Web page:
Phalippou does something unusual by using the S&P 600 for a small-cap index: it is not nearly as commonly used and it outperformed the Russell 2000 from 2006 to 2019. When we apply the Russell 2000 to the 2006 to 2015 vintages, we get a PME of 1.11 for buyout, growth and VC funds (versus 1.05 for the S&P 500). We even get a PME of 1.03 if we include the real estate and other funds that Phalippou inappropriately includes (compared with 0.99 for the S&P 500). Again, when we use the correct analysis, PE outperforms.
The fourth issue is that Phalippou ignores the fact that limited partners increasingly co-invest in PE deals at lower or no fees. Some estimates suggest that co-investment accounts for around 25% of PE investment today. Given that co-investment decreases the amount of fees LPs pay, if they co-invest in an average-performing deal, the true net performance is substantially higher.
A fifth concern is that Phalippou ignores diversification benefits. Even if PE were to generate similar returns net of fees as public equity, it would remain valuable if it provided a way for investors to diversify. In fact, in a previous paper, Goetzmann, Gourier and Phalippou (2018) find that “large buyout and VC funds have provided substantial diversification benefits to investors; most real asset funds, overall, have not”.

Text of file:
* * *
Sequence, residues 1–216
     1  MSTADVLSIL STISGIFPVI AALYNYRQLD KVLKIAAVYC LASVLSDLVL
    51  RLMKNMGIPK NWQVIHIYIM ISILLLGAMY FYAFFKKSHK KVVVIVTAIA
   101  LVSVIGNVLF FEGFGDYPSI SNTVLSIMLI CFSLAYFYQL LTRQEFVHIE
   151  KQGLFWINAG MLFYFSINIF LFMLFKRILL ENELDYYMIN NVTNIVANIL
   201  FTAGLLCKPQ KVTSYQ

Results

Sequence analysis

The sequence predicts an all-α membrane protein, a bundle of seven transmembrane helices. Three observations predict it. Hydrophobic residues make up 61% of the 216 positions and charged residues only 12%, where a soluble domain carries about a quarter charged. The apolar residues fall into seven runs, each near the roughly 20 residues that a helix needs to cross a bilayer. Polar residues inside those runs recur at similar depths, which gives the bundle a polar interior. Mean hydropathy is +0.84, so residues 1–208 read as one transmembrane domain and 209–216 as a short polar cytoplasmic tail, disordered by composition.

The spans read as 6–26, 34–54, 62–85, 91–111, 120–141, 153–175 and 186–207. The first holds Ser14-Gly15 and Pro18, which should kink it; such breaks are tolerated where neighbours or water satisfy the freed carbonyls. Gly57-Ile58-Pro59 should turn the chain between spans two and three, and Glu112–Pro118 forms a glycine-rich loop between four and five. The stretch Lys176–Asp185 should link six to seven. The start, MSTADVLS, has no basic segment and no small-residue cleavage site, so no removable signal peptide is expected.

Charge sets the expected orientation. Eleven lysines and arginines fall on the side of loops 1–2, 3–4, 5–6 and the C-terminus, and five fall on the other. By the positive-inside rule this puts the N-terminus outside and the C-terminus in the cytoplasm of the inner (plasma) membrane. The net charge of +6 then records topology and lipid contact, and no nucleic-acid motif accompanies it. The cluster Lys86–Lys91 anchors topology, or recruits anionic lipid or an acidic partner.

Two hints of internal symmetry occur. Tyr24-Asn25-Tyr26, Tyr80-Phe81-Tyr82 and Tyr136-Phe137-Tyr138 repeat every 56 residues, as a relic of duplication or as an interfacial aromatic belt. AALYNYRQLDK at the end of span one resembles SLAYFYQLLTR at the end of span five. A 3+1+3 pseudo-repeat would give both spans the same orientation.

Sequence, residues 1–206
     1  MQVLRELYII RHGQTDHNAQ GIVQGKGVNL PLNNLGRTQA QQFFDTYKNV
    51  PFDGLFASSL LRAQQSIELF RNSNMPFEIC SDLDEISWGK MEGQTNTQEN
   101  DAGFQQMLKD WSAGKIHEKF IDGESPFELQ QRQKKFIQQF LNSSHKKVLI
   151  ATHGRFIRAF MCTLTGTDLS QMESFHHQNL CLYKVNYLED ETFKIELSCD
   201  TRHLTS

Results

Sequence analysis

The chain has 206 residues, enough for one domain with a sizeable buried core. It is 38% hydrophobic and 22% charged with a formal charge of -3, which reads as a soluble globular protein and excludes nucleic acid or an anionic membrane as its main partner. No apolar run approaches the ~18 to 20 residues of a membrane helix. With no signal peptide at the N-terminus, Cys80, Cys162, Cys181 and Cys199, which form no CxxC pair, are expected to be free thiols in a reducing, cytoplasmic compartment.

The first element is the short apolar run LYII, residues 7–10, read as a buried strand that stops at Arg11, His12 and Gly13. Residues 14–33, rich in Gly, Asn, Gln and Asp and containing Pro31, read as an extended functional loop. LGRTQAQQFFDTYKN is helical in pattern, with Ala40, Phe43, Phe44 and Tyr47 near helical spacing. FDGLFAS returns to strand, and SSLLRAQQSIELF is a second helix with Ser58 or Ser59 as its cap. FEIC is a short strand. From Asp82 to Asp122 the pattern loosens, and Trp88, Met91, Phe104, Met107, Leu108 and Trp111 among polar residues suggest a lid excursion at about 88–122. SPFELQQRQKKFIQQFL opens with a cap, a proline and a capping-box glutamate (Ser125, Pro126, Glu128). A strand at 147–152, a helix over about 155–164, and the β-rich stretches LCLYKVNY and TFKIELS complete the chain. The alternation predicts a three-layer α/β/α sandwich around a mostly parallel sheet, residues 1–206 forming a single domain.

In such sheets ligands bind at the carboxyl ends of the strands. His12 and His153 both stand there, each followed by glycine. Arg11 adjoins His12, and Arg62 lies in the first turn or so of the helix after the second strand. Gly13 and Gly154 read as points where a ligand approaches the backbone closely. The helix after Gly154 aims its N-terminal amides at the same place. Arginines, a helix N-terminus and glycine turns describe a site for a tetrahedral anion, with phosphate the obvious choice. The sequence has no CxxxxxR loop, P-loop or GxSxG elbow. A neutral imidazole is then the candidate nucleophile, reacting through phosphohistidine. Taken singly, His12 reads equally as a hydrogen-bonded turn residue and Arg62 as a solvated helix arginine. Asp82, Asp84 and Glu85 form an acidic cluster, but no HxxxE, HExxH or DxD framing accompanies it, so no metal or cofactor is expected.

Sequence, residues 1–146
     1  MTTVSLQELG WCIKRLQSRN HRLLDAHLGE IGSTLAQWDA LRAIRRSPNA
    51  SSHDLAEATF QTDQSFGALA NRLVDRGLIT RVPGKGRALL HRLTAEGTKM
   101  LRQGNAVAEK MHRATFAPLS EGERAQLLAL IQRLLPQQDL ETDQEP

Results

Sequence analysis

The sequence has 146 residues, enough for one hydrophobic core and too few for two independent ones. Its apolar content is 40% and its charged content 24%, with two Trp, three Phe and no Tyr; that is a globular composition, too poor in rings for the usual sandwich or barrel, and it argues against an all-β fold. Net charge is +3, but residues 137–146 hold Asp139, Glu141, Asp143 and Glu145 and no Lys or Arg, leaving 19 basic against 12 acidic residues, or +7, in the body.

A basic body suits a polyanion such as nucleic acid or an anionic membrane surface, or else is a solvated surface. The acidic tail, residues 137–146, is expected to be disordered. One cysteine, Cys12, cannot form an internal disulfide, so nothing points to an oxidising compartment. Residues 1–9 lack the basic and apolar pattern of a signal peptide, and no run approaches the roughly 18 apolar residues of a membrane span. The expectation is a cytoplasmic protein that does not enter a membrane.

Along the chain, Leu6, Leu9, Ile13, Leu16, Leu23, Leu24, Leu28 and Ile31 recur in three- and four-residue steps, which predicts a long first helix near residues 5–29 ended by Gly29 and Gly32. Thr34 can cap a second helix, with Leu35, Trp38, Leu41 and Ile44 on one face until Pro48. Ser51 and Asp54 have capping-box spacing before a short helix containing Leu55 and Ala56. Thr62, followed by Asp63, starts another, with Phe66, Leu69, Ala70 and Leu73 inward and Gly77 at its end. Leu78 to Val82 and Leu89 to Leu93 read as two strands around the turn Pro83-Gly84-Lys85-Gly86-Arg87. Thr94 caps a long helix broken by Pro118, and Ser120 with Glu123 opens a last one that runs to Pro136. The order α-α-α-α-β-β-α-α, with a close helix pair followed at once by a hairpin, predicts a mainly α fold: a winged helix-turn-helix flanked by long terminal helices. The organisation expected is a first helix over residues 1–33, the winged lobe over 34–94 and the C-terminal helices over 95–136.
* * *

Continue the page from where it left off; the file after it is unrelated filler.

So, Phalippou’s claim that PE has not outperformed or has not provided a benefit to investors does not survive scrutiny. The historical evidence that PE has outperformed is arguably overwhelming. There is no guarantee, however, that it will continue to do so, and Phalippou argues that it will be difficult. According to his calculations, PE-funded companies will need to grow earnings organically at 11% per year for the capital invested to increase by a factor of 2x in four years. His calculations, however, make the conceptual error of not accounting for company earnings.
If annual earnings are applied to paying down debt, earnings have to increase by a far less daunting 2.4% per year.
There is one final point on PE’s broader social consequences. Phalippou looks exclusively at the gains shared by LPs and general partners, ignoring the fact that GPs usually have to pay a premium to selling shareholders. Some of the value GPs create, therefore, goes to sellers.
PE has clearly outperformed historically for its investors. This is a major reason why assets invested in PE have increased so much. PE also has created additional value for sellers and the economy. That is not to say that PE will outperform going forward. Increased capital puts pressure on future returns. But if that capital underperforms public markets and fails to provide diversification benefits, we are likely to see capital move to other assets.
"PE has clearly outperformed historically for its investors. This is a major reason why assets invested in PE have increased so much. But if that capital underperforms public markets and fails to provide diversification benefits, we are likely to see capital move to other assets." - Steven Kaplan